Many people in the hobby just keep getting new games. They have rows upon rows of Kallaxes for their games. They happily pose in front of them and proudly show off their shelfies. It’s wonderful to see people being so happy about their board game collection, but not everyone can afford to buy new games all the time, without trading or selling other games in their collection.

For me, there are a number of reasons why I get rid of games. Some of it is about getting some money back to spend on new games. Even though I get a fair few free review copies these days and my friends also buy new games that I can play and review, I still buy quite a few myself. My 2022 review article lists how much I spent on games last year – and it’s quite scary. So it’s critical that I sell games I no longer play.

However, there is actually a bigger reason for me to cull my collection and that is space. I have intentionally limited myself to a couple of large shelves above my desk. Sure, sometimes games spill over into other places, like under our bed or in another cupboard. On the whole, though, these two large shelves are as much as I allow myself. I don’t have dozens of Kallaxes, let alone a dedicated games room.

So when I start to run out of space, I donate some games to charity or give them to friends, especially if they were review copies that the publisher didn’t want to be returned. Other games I sell on Board Game Geek Marketplace or eBay, but that still leaves a fair few games in my collection and only some of the remaining games I would consider evergreens.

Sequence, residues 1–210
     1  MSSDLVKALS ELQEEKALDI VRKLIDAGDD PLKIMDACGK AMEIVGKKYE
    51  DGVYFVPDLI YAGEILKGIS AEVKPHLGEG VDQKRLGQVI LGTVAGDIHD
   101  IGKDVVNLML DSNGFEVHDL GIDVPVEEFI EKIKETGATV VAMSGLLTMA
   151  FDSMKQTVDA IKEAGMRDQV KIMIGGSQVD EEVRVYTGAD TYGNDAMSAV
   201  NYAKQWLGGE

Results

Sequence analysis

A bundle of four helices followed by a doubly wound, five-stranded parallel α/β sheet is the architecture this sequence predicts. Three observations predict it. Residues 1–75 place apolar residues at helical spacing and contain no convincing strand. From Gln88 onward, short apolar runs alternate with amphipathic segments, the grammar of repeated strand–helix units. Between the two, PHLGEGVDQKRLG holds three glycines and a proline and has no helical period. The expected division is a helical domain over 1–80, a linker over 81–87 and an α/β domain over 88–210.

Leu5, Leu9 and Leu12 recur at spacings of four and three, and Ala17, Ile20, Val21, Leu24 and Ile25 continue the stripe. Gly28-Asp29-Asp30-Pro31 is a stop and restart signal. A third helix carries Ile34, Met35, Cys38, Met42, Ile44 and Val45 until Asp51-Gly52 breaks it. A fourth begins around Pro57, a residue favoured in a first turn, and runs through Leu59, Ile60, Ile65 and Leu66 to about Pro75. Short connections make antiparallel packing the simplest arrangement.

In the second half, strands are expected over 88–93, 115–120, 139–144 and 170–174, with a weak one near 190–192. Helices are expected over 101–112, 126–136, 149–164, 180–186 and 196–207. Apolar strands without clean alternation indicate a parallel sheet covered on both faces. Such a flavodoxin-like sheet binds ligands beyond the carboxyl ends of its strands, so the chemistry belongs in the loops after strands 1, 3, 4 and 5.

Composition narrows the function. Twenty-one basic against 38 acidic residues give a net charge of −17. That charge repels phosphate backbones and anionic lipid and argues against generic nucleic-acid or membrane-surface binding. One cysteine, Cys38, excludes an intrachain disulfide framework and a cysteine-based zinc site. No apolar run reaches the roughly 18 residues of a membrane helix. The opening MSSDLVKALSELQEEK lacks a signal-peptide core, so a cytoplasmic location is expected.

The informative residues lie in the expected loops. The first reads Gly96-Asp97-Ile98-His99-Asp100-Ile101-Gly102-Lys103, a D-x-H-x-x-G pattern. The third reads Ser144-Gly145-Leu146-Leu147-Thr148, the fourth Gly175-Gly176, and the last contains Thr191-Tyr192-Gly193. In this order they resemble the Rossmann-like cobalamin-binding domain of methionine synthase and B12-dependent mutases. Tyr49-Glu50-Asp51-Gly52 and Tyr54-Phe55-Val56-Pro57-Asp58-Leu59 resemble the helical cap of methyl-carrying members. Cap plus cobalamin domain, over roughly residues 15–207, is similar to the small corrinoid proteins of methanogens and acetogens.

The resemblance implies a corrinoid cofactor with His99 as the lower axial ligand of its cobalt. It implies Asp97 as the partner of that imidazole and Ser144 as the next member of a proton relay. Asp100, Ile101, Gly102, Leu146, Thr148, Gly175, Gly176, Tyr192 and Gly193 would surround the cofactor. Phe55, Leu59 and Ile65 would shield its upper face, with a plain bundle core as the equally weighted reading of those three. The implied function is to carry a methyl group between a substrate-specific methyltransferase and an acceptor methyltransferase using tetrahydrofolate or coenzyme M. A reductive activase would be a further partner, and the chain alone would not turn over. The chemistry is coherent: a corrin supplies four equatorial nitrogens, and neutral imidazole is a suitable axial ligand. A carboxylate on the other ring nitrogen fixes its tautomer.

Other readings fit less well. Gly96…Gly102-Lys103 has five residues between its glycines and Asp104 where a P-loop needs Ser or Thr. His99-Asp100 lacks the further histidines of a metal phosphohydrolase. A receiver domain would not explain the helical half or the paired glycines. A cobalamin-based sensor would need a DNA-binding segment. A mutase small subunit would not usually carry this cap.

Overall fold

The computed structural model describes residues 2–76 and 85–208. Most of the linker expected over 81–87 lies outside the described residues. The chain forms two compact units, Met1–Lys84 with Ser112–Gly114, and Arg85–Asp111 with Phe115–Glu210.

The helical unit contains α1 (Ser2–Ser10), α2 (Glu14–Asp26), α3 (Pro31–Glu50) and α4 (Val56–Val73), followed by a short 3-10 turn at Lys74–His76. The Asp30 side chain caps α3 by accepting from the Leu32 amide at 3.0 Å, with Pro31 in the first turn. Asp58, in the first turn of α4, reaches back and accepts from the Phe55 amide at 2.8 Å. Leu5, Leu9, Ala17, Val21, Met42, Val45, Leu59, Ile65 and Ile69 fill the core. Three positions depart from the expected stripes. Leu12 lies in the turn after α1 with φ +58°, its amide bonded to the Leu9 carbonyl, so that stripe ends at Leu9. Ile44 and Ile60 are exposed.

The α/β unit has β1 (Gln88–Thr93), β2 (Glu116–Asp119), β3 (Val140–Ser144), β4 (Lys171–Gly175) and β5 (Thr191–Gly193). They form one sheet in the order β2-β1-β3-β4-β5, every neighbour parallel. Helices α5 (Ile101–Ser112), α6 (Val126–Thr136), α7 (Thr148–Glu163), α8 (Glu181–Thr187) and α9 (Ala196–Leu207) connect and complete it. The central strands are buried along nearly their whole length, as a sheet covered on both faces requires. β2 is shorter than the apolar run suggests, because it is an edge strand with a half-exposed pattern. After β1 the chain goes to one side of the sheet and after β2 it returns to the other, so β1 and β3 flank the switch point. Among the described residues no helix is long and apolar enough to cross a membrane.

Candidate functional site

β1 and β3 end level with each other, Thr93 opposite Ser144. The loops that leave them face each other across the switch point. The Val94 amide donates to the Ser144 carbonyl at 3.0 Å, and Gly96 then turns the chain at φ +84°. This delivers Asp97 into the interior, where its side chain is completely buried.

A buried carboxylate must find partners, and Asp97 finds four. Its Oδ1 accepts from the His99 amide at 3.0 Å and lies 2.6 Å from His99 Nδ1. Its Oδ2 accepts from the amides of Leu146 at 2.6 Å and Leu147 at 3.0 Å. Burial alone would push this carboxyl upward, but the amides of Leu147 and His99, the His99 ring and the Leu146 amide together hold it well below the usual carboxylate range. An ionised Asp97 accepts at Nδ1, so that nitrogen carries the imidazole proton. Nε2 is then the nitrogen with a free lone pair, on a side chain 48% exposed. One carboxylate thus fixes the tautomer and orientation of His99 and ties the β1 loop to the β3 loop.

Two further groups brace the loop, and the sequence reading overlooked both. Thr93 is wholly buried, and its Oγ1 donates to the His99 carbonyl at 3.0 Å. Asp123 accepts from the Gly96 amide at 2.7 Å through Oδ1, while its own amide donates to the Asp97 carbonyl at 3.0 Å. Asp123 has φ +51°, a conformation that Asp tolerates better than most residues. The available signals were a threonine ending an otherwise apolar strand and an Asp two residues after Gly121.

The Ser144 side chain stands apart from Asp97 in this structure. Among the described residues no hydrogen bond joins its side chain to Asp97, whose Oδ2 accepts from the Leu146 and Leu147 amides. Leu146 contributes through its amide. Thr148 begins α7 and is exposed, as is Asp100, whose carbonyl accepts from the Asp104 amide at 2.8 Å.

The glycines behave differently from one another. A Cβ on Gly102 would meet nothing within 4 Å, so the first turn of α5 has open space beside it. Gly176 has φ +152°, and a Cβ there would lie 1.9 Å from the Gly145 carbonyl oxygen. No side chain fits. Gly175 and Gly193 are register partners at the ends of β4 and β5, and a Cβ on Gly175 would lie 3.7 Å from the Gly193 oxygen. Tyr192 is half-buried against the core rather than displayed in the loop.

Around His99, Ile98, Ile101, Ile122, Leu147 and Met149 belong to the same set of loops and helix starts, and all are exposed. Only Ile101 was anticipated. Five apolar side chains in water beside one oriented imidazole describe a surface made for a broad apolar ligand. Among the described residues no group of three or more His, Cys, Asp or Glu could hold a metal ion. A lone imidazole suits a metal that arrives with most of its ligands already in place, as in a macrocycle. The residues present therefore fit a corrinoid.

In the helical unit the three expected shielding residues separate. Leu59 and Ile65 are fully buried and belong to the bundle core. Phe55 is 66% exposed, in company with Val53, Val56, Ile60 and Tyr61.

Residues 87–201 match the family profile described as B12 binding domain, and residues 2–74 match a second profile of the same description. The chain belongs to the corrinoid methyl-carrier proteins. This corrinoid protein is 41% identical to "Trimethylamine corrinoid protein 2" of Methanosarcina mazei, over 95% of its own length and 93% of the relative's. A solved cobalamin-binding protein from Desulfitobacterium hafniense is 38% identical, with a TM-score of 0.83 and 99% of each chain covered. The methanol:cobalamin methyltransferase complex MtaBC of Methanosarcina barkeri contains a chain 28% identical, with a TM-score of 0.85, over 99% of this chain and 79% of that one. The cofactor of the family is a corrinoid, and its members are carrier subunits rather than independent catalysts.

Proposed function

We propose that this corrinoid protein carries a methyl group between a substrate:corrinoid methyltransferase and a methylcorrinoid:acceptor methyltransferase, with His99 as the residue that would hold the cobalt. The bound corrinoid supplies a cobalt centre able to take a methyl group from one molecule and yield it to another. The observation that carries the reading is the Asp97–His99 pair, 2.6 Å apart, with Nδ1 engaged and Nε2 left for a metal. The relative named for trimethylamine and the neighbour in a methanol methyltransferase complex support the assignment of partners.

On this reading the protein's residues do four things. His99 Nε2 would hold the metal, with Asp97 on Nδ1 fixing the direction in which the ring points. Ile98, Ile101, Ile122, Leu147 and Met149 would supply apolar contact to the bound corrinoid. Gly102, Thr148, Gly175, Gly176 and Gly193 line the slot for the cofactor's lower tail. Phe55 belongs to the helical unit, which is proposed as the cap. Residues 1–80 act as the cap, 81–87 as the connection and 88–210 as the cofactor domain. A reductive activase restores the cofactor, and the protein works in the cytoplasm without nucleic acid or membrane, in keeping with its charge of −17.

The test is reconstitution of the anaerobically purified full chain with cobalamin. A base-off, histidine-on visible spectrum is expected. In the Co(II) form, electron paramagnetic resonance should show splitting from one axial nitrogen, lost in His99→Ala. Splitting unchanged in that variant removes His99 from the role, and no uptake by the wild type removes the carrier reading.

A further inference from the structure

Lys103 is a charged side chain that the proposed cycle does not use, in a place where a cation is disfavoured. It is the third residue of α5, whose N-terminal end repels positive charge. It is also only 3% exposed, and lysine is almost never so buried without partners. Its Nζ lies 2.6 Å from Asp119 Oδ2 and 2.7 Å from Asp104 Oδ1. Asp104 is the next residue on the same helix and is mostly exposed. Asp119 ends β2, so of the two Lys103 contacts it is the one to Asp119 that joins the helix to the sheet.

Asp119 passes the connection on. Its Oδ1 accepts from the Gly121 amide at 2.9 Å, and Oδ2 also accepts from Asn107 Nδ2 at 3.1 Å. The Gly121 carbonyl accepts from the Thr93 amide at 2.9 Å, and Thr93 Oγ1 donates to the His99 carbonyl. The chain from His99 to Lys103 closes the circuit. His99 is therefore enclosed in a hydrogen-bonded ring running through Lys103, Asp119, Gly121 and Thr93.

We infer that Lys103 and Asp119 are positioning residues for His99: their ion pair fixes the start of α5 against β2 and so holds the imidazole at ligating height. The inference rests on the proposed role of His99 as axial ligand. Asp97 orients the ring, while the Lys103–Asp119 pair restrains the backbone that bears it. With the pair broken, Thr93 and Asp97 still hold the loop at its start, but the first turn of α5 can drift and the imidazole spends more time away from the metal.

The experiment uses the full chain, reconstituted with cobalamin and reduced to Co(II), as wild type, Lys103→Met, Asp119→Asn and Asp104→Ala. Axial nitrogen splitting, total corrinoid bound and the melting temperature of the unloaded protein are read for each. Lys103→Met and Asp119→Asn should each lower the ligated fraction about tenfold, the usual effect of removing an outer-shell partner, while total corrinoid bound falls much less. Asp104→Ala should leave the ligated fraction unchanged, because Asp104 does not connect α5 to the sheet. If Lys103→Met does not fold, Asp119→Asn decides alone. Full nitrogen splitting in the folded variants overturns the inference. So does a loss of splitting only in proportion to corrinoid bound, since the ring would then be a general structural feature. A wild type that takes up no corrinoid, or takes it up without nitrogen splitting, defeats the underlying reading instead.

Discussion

Family Evergreens

I think two of the games that are clear evergreen games for me are Wingspan and Quacks of Quedlinburg.

The former we played dozens up dozens of times, even though it hasn’t actually come out in a couple of years now. Even so, I know we’ll definitely play it again at some point, possibly over the holidays. After all, we’ve got two of the expansions that create a great variety in the game. We’re clearly heavily invested in this game, which shows how much we have enjoyed it.

Quacks, on the other hand, is a game that doesn’t come out a lot, but it does get played regularly. We know it so well that setting it up, playing it and putting it away is pretty quick, meaning we can get a game in after dinner and before watching television together. Both are ideal games for people new to the hobby as well and cater for a wide age range. So both will definitely stay in my collection.

Above and Below is another family favourite. It might take a little bit longer to explain, but there aren’t actually too many rules. If people are happy to just start playing and try things out, it’ll all become clear. I think the attraction of Above and Below is the story-telling element. Sure, if you play the game a lot, you will start to remember certain events and know what to choose, but put the game away for a few months and your next game will feel fresh and exciting.

Weightier Evergreens